Wednesday, May 27, 2009

On the great Ukrainian bride hunt part 4

By Kristoffer A. Garin

Today, it is estimated that well over 100,000 women around the world are listed on the Internet as available for marriage to Western men. Wherever the women come from, such websites as A Special Lady, Chance for Love, and Latin Love Search tout their traditional values, their submissiveness, their willingness to put husband and family ahead of themselves. Google the seemingly innocuous search term “single women,” and five out of the first ten results will be websites offering to connect Western men with would-be wives from around the world. Unlikely as it might sound, at the outset of the twenty-first century, marriage brokering is growing increasingly less fringe, not more so.

We were lodged at the Hotel Rus, a massive structure perched on a hill at the edge of Kiev's downtown, with a flashing neon sign on top and, as with nearly every establishment in Kiev, bouncer-doormen in black leather jackets. On arrival we had been told that, since the bouncers get a cut from the in-house prostitutes' earnings, they would expect a $25 bribe if we wanted to bring any women back to our rooms during the course of the week; otherwise, the hotel would charge us for an extra guest. Our first two socials were to take place in the Rus's banquet hall, which meant that in theory we wouldn't have to leave the hotel for days, other than for dates.

As the orientation session finished, I noticed one of the men slipping out of the room, a hulking fellow in his mid-thirties with broad, goofy features and the kind of deep red sunburn one wears for a lifetime. He had introduced himself during the orientation, almost inaudibly, as simply “a farmer,” and now he was looking more than a little overwhelmed. I went after him and invited him for a beer at the hotel bar.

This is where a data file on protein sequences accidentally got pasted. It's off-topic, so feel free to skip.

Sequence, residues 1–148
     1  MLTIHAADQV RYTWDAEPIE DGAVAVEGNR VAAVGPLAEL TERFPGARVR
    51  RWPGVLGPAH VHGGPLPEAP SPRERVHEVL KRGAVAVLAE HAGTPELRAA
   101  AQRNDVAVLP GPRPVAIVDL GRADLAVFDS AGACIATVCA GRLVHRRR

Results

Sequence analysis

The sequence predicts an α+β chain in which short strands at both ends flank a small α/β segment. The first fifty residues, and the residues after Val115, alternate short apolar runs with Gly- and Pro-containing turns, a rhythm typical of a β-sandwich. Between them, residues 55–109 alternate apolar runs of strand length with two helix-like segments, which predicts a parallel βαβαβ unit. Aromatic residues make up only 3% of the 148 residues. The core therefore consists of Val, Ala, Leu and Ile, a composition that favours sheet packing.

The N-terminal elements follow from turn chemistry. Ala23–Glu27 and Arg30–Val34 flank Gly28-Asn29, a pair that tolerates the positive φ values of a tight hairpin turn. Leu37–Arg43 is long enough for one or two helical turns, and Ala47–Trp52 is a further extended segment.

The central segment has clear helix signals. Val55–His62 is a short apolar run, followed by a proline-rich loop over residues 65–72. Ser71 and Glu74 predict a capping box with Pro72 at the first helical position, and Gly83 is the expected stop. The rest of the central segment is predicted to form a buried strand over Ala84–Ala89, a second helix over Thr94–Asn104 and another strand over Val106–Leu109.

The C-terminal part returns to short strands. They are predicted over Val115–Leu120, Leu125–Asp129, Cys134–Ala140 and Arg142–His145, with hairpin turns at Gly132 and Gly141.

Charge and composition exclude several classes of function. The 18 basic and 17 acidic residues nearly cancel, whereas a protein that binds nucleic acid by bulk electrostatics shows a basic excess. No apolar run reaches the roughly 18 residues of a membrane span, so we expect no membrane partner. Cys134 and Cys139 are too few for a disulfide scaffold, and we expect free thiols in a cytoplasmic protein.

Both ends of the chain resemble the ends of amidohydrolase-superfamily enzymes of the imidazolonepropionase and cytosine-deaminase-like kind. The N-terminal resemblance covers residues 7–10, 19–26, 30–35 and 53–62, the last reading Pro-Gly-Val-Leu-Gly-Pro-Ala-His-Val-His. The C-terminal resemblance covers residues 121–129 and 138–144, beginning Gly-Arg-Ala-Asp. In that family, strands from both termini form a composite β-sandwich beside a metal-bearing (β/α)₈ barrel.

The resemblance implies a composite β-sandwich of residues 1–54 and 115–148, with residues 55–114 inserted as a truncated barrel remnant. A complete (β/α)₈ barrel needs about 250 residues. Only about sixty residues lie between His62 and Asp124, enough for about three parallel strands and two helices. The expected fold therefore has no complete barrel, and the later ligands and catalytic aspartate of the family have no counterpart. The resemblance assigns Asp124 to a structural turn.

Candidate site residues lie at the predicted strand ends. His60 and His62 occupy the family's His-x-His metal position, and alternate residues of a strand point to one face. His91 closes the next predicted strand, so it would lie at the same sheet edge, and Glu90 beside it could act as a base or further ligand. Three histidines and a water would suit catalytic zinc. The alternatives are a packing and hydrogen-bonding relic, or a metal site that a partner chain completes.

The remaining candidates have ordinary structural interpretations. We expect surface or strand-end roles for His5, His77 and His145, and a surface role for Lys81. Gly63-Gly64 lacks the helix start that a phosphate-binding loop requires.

Over drinks he told me his story. He lived and worked on the family farm in the Southwest, where he had grown up and married very young, though his wife soon had enough of farm life and left him (“Guess that's what you get when you marry a Mexican call girl,” he drawled with a mournful smile). Eventually, he had turned to the Internet and begun corresponding with a Ukrainian woman whose profile he had purchased from an online broker. She knew no English whatsoever, but they nevertheless wrote to each other for several months, running their letters through a translation website before sending them. It was an imperfect system, to say the least, and after a few major misunderstandings he had decided that if matters were to move forward they would have to meet. She was set to arrive at the Kiev central train station at 5:45 the following morning—at her own expense, she was taking a thirteen-hour train ride to see him. His plan had been to spend the first couple of days with her, missing the first social, and then, if the match didn't work out, to try his luck along with the rest of the group. He was excited, he said, but what he had heard at the orientation had left him shaken.